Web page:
Pupae were prepared for live imaging as described previously (Bosveld et al., 2016b). All experiments were performed during the first round of cell division in the anterior-central region of the notum tissue. The basal movement of the midbody is similar in all cells within this region (not shown) and we focused on the dynamics of the midbody in epithelial cells, which is fated to become tendon epithelial cells, because it greatly facilitated the observations of the SJs and TCJs in 2D projections. In the analyses (unless mentioned otherwise), the time t=0 was set at midbody formation. Samples were imaged at 25°C with an inverted confocal spinning disk microscope (Carl Zeiss), using a 100× NA1.4 Oil DIC N2 PL APO VC objective and either a CMOS (Hamamtsu) camera or EM-CCD (Roper) Camera. Photoactivation was performed with a two-photon Ti:Sapphire laser (Mai Tai DeepSee, Spectra Physics) at 820 nm with <100 fs pulses typically set at 7% power, mounted on a confocal microscope (LSM880, Carl Zeiss) with a 63× NA 1.4 Oil DICII PL APO objective.

Image quantification

Segmentation of the PH::GFP signal was achieved using Imaris (Bitplane) by manually drawing the contour of each cell and the position of the midbody. Midbody apical-basal movement was quantified by tracking the MyoII::3mKate2-labelled midbody position using Fiji (Schindelin et al., 2012). The midbody position was quantified relative to its initial position of formation. The midbody formation position is located on average 1.24±0.06 µm in wRNAi (n=38) and 1.50±0.07 µm in FRT40A control cells (n=28) below the plane of the epithelial MyoII circumference belt. The position of midbody formation is similar in most experimental conditions analysed with the exception of α-CatRNAi (0.97±0.10 µm, n=15 P<0.046), alix1 (1.64±0.10 µm, n=22, P<0.002), Glidv3 (1.81±0.07 µm, n=65, P<0.01) and akaL200 (2.31±0.12, n=21, P<0.0001) dividing cells. The difference in α-CatRNAi, Gli and aka dividing cells could reflect defects in apical-basal polarity of the cells. The defects observed in alix1 cells are more difficult to interpret since the positions of the midbody were normal in alix1/alix3 and in alix3 dividing cells.

All images, unless specified otherwise, represent maximal intensity projections of the z-stacks. Apical-basal (side view) sections for which no dashed line is shown in the top view images correspond to images that were rotated in 3D using the TransformJ Fiji plugin to provide better en face views of the newly forming SJ and TCJs. Figures were created using Fiji and Abode Illustrator.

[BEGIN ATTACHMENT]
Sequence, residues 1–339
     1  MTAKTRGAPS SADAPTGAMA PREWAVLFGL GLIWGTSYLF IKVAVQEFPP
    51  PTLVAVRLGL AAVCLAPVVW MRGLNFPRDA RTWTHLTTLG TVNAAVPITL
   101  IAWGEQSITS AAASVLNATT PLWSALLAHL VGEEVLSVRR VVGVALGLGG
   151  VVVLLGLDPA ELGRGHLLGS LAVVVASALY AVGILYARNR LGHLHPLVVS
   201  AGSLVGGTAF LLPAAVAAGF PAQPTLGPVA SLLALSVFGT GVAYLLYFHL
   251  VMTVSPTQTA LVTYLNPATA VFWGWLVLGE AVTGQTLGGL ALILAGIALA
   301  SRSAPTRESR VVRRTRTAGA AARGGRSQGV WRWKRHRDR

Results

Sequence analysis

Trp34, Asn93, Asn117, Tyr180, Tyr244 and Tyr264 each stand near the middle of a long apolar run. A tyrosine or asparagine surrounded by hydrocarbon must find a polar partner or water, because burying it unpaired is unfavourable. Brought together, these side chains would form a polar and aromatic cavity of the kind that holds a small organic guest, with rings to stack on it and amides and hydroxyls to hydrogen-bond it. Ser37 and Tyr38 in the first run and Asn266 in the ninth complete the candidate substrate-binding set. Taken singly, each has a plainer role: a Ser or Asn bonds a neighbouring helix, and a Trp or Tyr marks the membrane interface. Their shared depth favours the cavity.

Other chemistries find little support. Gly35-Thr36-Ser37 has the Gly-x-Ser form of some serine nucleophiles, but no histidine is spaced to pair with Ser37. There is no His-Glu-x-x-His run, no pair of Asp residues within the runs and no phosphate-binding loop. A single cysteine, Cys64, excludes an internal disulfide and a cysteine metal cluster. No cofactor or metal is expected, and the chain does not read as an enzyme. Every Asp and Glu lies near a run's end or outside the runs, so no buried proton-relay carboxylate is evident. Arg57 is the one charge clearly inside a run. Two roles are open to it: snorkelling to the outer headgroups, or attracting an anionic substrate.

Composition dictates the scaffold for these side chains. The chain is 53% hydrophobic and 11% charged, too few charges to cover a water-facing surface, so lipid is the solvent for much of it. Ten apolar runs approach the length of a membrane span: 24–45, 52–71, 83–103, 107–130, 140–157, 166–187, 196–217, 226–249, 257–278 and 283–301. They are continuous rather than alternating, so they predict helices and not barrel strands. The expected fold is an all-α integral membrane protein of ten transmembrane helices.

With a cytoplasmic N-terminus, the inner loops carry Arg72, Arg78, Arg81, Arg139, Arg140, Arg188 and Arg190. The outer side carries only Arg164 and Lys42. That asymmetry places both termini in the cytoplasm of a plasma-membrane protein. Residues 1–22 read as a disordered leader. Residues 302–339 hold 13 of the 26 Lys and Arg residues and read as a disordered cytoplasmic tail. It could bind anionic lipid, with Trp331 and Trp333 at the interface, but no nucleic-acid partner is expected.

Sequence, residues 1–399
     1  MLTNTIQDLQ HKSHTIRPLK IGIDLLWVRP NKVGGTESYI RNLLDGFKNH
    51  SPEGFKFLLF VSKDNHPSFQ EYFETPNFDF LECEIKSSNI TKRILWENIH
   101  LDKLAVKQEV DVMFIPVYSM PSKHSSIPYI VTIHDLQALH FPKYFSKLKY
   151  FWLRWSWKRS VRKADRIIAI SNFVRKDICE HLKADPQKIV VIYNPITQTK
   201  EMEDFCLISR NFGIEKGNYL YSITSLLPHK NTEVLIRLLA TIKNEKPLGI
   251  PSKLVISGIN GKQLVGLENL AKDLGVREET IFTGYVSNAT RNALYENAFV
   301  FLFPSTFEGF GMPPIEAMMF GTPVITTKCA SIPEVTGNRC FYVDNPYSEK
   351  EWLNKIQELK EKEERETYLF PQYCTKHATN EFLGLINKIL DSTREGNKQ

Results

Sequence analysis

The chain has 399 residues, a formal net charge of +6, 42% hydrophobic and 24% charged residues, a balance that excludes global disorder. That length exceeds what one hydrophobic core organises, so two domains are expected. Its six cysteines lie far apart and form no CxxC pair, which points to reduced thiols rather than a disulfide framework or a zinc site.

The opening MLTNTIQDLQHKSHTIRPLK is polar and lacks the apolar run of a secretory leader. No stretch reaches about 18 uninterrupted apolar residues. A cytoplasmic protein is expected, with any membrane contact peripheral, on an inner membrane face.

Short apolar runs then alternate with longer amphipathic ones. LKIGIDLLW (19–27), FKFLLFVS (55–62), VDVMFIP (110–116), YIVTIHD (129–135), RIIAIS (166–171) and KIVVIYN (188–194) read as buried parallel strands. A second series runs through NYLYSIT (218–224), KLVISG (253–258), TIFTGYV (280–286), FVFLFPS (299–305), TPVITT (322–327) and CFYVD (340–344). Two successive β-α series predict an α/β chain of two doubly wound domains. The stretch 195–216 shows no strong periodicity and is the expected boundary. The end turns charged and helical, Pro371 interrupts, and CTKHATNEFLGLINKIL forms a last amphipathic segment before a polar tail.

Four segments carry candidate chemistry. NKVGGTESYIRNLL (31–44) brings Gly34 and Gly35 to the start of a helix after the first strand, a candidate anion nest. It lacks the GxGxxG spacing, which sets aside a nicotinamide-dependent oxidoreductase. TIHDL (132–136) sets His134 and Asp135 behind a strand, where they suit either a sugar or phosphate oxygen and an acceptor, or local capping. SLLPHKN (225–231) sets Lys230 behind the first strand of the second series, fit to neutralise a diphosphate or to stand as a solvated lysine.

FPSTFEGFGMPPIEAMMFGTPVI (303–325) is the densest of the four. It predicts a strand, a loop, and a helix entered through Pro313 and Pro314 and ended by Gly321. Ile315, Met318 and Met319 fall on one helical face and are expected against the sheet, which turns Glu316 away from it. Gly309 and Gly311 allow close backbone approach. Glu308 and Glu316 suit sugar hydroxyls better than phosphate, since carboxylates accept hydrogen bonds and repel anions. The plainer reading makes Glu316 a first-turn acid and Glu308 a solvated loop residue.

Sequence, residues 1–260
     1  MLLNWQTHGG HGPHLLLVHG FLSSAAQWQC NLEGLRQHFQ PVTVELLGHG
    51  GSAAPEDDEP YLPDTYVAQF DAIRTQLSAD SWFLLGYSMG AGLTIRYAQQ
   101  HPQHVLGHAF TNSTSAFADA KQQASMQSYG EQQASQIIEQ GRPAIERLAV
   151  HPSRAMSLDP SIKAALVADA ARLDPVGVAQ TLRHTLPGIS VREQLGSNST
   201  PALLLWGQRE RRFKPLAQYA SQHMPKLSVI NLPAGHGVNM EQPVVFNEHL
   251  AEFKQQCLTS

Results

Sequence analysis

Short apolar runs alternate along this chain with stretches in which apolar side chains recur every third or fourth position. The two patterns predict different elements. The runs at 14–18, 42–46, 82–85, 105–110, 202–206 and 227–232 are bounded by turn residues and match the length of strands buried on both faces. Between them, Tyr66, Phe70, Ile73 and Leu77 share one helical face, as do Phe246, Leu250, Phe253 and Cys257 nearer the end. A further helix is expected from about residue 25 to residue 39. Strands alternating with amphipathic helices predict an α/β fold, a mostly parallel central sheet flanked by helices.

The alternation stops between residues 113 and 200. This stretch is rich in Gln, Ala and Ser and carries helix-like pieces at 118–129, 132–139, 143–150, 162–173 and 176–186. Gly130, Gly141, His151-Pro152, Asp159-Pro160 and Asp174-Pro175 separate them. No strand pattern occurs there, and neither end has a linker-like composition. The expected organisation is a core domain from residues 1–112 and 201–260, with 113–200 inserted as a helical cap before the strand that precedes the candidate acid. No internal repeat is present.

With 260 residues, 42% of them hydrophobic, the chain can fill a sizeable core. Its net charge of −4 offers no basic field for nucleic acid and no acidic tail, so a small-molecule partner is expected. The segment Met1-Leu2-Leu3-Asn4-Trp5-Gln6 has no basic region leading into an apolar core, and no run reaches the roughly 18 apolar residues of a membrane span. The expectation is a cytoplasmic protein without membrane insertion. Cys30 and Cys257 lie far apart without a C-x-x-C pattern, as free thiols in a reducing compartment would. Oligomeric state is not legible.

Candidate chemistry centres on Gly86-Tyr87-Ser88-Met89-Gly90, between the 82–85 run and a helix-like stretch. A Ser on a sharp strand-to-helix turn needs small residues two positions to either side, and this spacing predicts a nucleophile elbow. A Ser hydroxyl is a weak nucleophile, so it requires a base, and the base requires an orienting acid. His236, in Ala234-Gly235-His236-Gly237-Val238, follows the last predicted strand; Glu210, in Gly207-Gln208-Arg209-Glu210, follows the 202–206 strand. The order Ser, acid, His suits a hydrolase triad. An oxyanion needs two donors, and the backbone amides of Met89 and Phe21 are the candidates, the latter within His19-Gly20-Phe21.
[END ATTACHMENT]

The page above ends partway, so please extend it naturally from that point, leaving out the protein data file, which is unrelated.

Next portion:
Detachment of the Dlg::GFP-positive strands was analysed between 0 and 180 min post midbody formation in wRNAi, GliRNAi, akaRNAi, Glidv3, akaL200 and control dividing cells remaining in contact with wRNAi, GliRNAi, akaRNAi, Glidv3, akaL200 and control neighbouring cells, respectively, during the whole period. In some cells, the Dlg::GFP-positive strands were located just below the junctions, precluding characterization of their detachment from the midbody. We therefore excluded these cells from the analysis, corresponding to 9 out of 30 GliRNAi cells, 4 out of 24 akaRNAi cells, 8 out of 24 wRNAi cells, 40 out of 65 Glidv3cells, 6 out of 21 akaL200 cells and 71 out of 89 FRT40A control cells.

Statistics

Statistical analyses were performed using the Student's t-test. Significant differences for midbody apical-basal positions are reported if the positions of three consecutive time points were significantly (P<0.05) different from the control cells. Error bars shown in the figures are s.e.m.

We thank Vanessa Auld (University of British Columbia, Vancouver, Canada), Kaisa Haglund (Oslo University Hospital, Oslo, Norway), Jean-René Huynh (Collège de France, Paris, France), Stefan Luschnig (University of Münster, Münster, Germany), Benedicte Sansson (Cambridge University, Cambridge, UK), Andreas Wodarz (University of Göttingen, Göttingen, Germany), the Transgenic RNAi Project at Harvard Medical School and VDRC, the Kyoto and Bloomington Stock Centers for reagents; the Developmental Biology Curie imaging facility PICT-IBiSA@DBB for help with microscopy; F. Agnes, F. Di Pietro, A. Maugarny-Cales and E. Morais-de-Sá for comments on the manuscript; J. Mathieu for discussion and O. Leroy for ImageJ plugin development.

Author contributions

Conceptualization: Z.W., F.B., Y.B.; Methodology: Z.W., F.B., Y.B.; Validation: Z.W., Y.B.; Formal analysis: Z.W., F.B., Y.B.; Investigation: Z.W.; Data curation: Z.W.; Writing–original draft: Y.B.; Writing-review & editing: Z.W., F.B., Y.B.; Visualization: Z.W., F.B., Y.B.; Supervision: F.B., Y.B.; Project administration: Y.B.; Funding acquisition: Y.B.

Funding

This work was supported by the European Research Council (ERC Advanced, TiMorph 340784); Association pour la Recherche sur le Cancer (SL220130607097); Agence Nationale de la Recherche (ANR Labex DEEP; 11-LBX-0044, ANR-10-IDEX-0001-02); Centre National de la Recherche Scientifique; Institut National de la Santé et de la Recherche Médicale; Institut Curie and Université de Recherche Paris Sciences et Lettres.

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Competing interests

The authors declare no competing or financial interests.